In Kampala, Uganda, there is a large network of sex worker-led organisations that unite under the umbrella organisation Uganda Harmonized Rights Alliance (UHRA). Paula Pönkänen and Hanna Jörneus argue that sex work organising in Uganda is a great example of how sex workers develop and implement their own programming. They provide an overview of sex worker-led programming in Kampala.
Kenyan sex workers continue to suffer human rights violations. Sex workers also bear a disproportionately large burden of HIV. This could be significantly reduced by a rights-based approach to their health needs. This research by GNP+ focuses on the human rights violations that female sex workers living with HIV face when they access healthcare services. It also highlights violations by law enforcement officers that impact on sex workers’ vulnerability to and ability to manage HIV.
Sixty-five sex workers were arrested on Thursday 19th November in Kisii County, Kenya. The following day, the sex workers were taken to Kisii Teaching and Referral Hospital and tested for sexually transmitted infections (STIs). The leading officer from the Kisii Governor’s Office, Mr. Patrick Lumumba, stated there were too many sex workers loitering the streets of Kisii, “spreading HIV and STIs to married men”.
This guide for journalisists was written and put together by individuals who work for Non-Governmental Organisations (NGOs) in South Africa that advocate for sex worker rights, and specifically the decriminalisation of sex work. In their work, they have come across dangerous journalistic practices and unethical behaviour by journalists, writers, editors and researchers. They are part of a consortium of organisations that compiled a resource for journalists and writers entitled Sex Workers and Sex Work in South Africa – A Guide for Journalists and Writers.
Ugandan sex worker-led organisation WONETHA developed this organisational policy for visiting researchers and professionals. The resource takes the form of a contract, for individuals to sign prior to engaging with WONETHA.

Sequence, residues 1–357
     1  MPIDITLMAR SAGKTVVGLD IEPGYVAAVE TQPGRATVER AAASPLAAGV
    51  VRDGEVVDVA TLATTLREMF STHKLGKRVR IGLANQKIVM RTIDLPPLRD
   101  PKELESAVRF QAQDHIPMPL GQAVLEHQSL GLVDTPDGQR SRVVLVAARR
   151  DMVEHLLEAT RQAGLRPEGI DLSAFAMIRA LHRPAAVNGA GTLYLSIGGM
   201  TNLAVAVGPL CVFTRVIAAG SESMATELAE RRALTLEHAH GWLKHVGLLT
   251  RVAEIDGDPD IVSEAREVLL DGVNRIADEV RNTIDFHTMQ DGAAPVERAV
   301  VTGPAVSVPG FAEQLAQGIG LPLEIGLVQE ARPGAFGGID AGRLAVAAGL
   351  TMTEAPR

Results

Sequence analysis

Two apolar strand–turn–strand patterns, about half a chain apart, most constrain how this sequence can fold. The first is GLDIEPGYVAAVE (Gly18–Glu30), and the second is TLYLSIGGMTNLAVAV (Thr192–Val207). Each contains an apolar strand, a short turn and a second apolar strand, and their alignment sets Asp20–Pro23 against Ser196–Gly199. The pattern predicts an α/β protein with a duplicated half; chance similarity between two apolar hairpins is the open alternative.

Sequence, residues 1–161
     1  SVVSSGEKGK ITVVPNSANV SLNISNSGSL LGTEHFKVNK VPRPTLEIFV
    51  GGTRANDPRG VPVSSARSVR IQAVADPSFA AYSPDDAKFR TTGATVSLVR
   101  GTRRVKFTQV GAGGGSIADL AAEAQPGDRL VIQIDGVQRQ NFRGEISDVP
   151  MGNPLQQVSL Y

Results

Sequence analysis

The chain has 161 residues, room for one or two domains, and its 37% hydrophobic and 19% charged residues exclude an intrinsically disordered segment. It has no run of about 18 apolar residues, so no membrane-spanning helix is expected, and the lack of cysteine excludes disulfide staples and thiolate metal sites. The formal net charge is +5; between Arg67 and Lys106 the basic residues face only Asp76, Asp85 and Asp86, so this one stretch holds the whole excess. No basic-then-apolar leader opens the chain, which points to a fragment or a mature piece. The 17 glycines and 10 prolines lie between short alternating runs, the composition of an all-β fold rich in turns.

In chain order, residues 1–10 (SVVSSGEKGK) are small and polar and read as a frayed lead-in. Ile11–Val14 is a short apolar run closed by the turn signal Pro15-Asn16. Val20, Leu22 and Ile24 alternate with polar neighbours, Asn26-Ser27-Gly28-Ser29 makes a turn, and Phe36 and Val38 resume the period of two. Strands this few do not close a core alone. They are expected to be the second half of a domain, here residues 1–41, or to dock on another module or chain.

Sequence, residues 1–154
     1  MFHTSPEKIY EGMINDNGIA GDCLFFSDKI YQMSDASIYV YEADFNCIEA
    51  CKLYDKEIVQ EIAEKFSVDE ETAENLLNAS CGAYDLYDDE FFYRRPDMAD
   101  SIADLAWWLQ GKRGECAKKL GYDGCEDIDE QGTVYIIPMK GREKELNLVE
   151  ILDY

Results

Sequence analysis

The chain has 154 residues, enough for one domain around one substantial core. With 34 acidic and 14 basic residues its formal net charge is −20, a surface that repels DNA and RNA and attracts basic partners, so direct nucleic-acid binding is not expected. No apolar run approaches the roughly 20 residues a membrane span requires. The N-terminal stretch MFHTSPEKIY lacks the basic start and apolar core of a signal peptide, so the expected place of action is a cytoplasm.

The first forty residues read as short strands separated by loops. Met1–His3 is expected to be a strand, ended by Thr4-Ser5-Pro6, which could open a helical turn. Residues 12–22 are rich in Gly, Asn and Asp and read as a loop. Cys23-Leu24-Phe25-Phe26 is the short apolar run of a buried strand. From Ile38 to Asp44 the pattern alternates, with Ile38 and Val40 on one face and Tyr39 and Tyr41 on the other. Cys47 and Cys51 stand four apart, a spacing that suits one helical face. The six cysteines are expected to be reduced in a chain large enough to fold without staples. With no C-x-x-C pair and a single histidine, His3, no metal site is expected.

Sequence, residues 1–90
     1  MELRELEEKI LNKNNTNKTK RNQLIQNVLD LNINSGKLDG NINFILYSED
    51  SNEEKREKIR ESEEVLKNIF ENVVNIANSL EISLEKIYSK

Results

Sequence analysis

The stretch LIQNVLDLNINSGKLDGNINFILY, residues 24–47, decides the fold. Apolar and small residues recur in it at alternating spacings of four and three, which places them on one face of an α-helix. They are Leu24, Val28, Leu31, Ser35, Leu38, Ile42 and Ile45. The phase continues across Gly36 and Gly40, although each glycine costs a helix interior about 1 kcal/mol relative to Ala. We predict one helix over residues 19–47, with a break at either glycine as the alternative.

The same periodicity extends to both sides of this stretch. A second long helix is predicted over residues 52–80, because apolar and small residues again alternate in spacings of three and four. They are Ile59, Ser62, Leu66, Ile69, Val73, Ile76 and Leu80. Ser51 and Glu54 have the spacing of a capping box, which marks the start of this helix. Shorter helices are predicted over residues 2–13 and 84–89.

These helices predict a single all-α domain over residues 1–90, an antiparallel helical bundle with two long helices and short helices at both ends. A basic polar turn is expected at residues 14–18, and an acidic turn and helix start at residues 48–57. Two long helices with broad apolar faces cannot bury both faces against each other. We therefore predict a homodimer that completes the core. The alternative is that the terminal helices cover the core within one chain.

The report to the UN by the Special Rapporteur on extreme poverty and human rights in Namibia discusses the challenges faced by sex workers, writing "the criminalization of sex work in Namibia lies at the foundation of a climate of stigma, discrimination and violence surrounding sex work".
This report summarises the deliberations of a one day event entitled “Labour of Love” held on 17th December 2010, hosted by Women’s Organization Network for Human Rights Advocacy (WONETHA) in partnership with Uganda Harmonized Rights Alliance (UHRA). The event primarily sought to put a human face to the lives of sex workers as well as challenge the public silence on violence against them. The forum was attended by 55 participants, including sex workers, brothel owners and human rights activists. The event was organised against the background that sex workers have continuously suffered from abuse, discrimination and violence which often goes unreported and unacknowledged. In particular, the event illuminated the achievements, coping mechanisms, challenges and recommendations regarding sex work.
Akina Mama wa Afrika (AMwA) created this document as a way to provide context for the sex worker rights movement by sharing the life stories of sex workers with others, in their own words, allowing them to share their dreams and experiences with others to help them better understand sex workers, and to help other sex workers find the value and power in their own experiences. Chapters include stories of sex workers, a guide to risk management tips for sex workers to have safer work lives, and a sex workers pledge.